Cape Town - Jonathan Kaplan, considered by many to be the best referee that South Africa has ever produced, is not impressed by the country's current crop of match officials.
The 2018 edition of Super Rugby has seen refereeing firmly in the spotlight, with controversies and talking points common place after most weekends.
From dangerous tackles to TMO decisions, there seems to be a struggle for consistency in the tournament so far, or at least that is the public perception.
For Kaplan, the problems stem off the field.
A veteran of 70 Test matches, the now-51-year-old believes that the existing structures are not working, particularly in South Africa.
"I'm not sure that this is the strongest bunch of referees that I've seen at Super Rugby level, and I'm not sure if that's got to do with transition or management," Kaplan told Sport24 on Monday.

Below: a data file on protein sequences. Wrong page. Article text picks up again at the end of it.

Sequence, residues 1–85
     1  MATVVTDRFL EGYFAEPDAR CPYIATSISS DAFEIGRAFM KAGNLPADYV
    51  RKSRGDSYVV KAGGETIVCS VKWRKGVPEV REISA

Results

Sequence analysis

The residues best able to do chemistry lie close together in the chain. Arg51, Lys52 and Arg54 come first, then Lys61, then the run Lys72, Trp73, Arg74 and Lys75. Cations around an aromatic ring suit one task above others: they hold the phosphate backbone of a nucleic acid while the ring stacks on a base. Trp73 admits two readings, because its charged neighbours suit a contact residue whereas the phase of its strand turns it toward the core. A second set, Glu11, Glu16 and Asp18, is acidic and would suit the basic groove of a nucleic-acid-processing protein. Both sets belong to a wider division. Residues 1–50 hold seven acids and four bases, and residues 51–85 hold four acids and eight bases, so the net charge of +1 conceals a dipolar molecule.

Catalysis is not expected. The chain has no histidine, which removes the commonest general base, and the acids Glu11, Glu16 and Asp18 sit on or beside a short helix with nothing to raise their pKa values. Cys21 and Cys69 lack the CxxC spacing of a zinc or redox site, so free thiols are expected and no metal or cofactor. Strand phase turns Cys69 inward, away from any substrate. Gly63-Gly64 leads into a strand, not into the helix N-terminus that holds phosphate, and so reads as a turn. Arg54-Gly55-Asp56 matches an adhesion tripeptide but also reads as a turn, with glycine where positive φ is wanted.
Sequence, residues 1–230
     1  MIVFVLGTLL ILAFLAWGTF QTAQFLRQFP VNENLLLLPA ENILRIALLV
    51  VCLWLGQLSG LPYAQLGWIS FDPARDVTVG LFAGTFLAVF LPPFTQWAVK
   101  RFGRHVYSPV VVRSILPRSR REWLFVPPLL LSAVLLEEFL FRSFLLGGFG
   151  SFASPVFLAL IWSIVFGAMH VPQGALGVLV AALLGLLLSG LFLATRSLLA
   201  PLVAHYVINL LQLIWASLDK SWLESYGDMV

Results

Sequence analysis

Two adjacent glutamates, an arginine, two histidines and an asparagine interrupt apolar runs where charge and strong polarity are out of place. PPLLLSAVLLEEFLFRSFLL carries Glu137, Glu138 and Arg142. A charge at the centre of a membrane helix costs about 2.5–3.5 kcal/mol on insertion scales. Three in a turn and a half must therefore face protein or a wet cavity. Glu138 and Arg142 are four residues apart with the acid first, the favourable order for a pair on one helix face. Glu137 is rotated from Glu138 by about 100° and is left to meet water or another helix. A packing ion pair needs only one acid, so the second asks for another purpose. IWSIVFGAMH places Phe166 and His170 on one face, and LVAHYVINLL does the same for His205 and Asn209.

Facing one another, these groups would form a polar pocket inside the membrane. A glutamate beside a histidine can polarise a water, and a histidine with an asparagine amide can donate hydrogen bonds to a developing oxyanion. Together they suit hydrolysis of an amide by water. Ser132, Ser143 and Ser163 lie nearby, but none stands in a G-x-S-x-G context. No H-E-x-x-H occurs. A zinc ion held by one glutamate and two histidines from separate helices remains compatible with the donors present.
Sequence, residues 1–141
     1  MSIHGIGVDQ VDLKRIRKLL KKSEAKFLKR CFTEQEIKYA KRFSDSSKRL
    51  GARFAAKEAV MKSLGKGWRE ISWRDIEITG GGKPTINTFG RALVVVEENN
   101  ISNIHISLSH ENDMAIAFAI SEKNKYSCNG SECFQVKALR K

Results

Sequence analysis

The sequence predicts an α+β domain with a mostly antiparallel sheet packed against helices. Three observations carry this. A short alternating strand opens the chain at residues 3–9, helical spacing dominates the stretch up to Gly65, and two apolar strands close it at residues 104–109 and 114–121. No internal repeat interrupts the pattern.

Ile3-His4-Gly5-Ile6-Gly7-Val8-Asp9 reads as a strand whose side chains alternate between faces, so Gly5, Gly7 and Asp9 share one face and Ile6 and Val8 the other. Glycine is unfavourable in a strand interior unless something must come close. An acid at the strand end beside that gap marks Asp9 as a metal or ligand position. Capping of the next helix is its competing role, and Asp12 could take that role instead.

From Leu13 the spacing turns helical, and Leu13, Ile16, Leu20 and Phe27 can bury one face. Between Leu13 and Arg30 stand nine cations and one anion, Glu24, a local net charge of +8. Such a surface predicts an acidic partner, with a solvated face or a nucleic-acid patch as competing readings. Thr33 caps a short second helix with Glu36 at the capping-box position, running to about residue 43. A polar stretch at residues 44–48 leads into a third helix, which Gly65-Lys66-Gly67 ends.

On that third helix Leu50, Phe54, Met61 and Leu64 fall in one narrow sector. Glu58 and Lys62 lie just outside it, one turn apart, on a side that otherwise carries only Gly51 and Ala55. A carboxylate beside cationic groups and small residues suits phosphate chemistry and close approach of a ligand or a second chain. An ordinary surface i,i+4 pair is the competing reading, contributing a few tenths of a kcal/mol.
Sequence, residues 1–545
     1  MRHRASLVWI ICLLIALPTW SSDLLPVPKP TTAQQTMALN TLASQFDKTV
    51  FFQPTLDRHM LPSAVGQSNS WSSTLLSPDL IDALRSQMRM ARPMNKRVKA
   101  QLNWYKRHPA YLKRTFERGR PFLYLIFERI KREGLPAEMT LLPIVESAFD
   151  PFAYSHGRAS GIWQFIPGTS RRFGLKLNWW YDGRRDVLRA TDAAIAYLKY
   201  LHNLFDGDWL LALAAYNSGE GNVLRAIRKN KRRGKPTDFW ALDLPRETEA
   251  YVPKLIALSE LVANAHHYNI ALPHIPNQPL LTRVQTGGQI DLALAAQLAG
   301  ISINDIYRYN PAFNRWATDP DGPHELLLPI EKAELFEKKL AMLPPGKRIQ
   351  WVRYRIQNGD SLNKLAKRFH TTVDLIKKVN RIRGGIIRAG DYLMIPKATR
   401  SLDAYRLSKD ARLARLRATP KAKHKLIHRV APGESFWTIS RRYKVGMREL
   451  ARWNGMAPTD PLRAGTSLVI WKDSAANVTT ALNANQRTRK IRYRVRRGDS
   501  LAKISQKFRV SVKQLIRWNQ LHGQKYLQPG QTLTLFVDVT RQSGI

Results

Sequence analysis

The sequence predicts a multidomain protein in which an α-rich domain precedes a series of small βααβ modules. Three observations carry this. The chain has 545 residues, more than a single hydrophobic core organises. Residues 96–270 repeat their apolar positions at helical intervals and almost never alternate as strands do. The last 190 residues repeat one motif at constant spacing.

"From my perspective, I've felt that they could be managed and coached a lot better than they are.
"I don't think we're very strong in South Africa. I think New Zealand probably has the best young crop of referees, but they also come a cropper because they haven't earned their scars and they make quite a few errors.
"I'm not convinced about the South African batch at the moment."
Kaplan acknowledges, though, that the current global interpretation of certain laws are making refereeing difficult
"To have faultless referees is never going to happen," he said.
"I think some of the laws put the referees in a very difficult position. The tackle laws, for example, around a dangerous hit. Where did the tackle start? I'm all in favour of yellow and red cards if a tackle is that dangerous, but it's at the lower end where you find some inconsistency.
"I think that part of the law puts the referee into a difficult position to act when there should be more common sense."
Kaplan also spoke about the need for technology to be used to its fullest potential, something he is not sure is happening currently.
"I think there could be a better percentage success rate than there is at the moment and I think the public feels that as well, which is why we're getting that frustration," he said.